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Colonia del Sacramento, Uruguay

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We stayed in Buenos Aires for sixteen wonderful nights, and it was a bittersweet departure at the end of our time there. Yet the prospect of not only a new location, but a new country entirely piqued our curiosity enough to leave.

One and a half hours by international ferry from Argentina's city of Buenos Aires, saw our arrival in the UNESCO port-town of Colonia del Sacramento, Uruguay. Picturesque, cobblestoned alleyways wind around buildings and landmarks from the 17th Century, remnants of Portuguese vs. Spanish conquests, and has their intertwined characteristics throughout.

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We arrived during an Argentinian long-weekend, and there were plenty of tourists on the boat with us, given its close distance and beautiful, beach-side atmosphere. It is an interesting reflection of one's self, when placed within a crowd of fellow tourists; actions and mannerisms such as posing for photographs, or being one of ten capturing the same image of the same subject, are all reflections of my own actions. I have caught myself watching others in awe of their obsession with an object, only to find myself aiming my own lens at it 10 minutes later.

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Colonia is best navigated by foot, and on the west coast there is a 5km walk along the water's edge, which takes you to a slightly different area, a mix between rural and urban. We had beautiful weather while we were in town, and each day we walked for hours, exploring its nooks and crannies, finding plenty of quirky home-fronts and colour combinations, seemingly out of a Wes Anderson film.

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Our accommodation did not have a kitchen for general use, only what you might expect in a motel room: microwave, kettle, and a selection of teas, which meant that we had to eat our cereal out of a mug each morning, and eat out for lunches and dinners - can't complain over an excuse to dine out!

Most of our restaurant picks were great, with excellent home-style burgers and craft beer at Bocadesanto, pizza at Il Forno, and tapas and amazing cocktails at Missfusion Colonia (a must-try if you visit this town!)

Unfortunately we learned our understanding of a few essentials were a bit off, when I believed I was ordering potato fries and received a side-plate of potato crisps, and my order for a cheap pizza was a pizza base with tomato paste... no cheese. I guess I received what I asked for, and my poor attempt of translating different ways of serving papas (potatoes) resulted in a few disappointing, yet humbling moments. I found myself saying to no-one in particular, "Hey, be thankful you can even afford to eat a meal at a restaurant."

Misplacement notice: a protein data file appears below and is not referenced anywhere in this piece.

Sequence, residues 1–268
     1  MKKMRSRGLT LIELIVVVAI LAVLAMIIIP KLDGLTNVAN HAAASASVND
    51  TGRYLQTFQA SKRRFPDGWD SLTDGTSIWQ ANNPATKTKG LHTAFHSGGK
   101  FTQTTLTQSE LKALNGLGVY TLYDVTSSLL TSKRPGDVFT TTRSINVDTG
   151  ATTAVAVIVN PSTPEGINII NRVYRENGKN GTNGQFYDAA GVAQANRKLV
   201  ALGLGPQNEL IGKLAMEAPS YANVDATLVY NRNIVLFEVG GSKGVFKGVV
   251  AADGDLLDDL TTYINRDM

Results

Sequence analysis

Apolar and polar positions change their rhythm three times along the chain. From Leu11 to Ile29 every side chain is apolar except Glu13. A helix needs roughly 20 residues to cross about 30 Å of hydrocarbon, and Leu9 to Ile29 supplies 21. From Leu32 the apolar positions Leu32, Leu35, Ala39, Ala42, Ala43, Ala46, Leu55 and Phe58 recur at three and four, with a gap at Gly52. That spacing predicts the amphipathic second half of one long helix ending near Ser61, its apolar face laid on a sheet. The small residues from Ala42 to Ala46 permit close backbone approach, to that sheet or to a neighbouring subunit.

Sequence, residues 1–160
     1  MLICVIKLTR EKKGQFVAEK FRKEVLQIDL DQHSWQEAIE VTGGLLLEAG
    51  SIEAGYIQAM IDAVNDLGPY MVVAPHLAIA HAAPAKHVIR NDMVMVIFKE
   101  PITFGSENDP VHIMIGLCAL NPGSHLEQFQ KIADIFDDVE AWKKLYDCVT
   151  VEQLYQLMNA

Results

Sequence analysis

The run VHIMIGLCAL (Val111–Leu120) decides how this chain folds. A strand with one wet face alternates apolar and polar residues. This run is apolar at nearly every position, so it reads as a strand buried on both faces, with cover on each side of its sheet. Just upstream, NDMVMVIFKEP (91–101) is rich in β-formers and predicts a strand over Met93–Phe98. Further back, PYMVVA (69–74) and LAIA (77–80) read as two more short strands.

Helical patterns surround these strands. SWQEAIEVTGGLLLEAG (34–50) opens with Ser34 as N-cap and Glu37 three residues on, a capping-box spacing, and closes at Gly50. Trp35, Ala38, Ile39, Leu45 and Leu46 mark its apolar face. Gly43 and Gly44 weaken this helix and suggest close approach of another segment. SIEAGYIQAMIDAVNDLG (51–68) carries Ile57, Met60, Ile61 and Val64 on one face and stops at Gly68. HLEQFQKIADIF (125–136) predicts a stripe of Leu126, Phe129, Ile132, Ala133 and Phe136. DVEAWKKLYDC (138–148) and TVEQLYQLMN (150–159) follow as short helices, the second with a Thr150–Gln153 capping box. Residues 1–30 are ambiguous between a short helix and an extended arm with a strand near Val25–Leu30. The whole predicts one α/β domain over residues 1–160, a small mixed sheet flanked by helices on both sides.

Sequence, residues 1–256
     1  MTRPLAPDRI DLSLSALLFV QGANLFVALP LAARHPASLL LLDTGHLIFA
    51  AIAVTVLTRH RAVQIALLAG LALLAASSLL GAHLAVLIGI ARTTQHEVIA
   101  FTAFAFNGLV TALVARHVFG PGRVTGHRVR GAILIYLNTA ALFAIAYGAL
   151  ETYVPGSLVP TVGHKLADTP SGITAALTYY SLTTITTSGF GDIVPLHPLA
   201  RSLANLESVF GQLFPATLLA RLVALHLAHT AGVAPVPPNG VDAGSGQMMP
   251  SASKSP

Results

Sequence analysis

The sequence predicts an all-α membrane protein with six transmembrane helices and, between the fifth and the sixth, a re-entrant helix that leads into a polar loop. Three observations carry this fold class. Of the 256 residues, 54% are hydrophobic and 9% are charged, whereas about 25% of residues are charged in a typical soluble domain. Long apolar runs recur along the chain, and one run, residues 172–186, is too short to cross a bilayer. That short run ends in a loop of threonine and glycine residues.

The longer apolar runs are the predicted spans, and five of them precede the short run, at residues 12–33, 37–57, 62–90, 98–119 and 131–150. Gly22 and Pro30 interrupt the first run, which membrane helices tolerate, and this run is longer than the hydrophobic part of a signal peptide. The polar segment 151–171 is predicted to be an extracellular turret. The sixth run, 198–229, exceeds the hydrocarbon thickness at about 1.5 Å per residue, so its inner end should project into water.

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We found ourselves in wonder at many of Colonia's homes, which are so full of individuality and vibrancy, an abundance of inspiration everywhere we shifted our gaze to, and many of the photographs we captured during our stay we were happy with, which is hard not to do in such a beautiful location.

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Colonia has a couple of great perks, along with much of the country of Uruguay - cards are more widely accepted, and often rewarded with a tax-free transaction if it is a Visa or Mastercard. This is different to Argentina, which is predominately a cash-society, and tipping is usually expected in both countries.

An interesting advertising tactic we found hard to ignore in Colonia (largely due to the sound) was the use of huge speaker systems mounted on the back of utes, to broadcast the radio stations extremely loud. They are heard from many streets away, and they permeate every household rudely. For such a quiet little port town with UNESCO Heritage status, we were surprised that this was permitted - it alters the atmosphere considerably. Although, upon discussing this with the lovely Sole (whom we are currently volunteering for), she has informed us that this has been around from when she was a little girl.

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We loved our retreat to Colonia, it was a great interim stay before we left for Montevideo, and we were able to relax away from the busyness of cities. I would return here in a heartbeat for a peaceful getaway, and to soak in more of the gorgeous alleys and buildings.

Uruguay in general is an underrated country, and not too many people would be able to point it out on a map (we couldn't before we heard about it), and the more we learn about it and encounter it, the more we are falling in love. We have been in the country for over a month, and will be here for up to another two, so keep an eye out for further posts about what we have been up to!

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Alanna WatchmanComment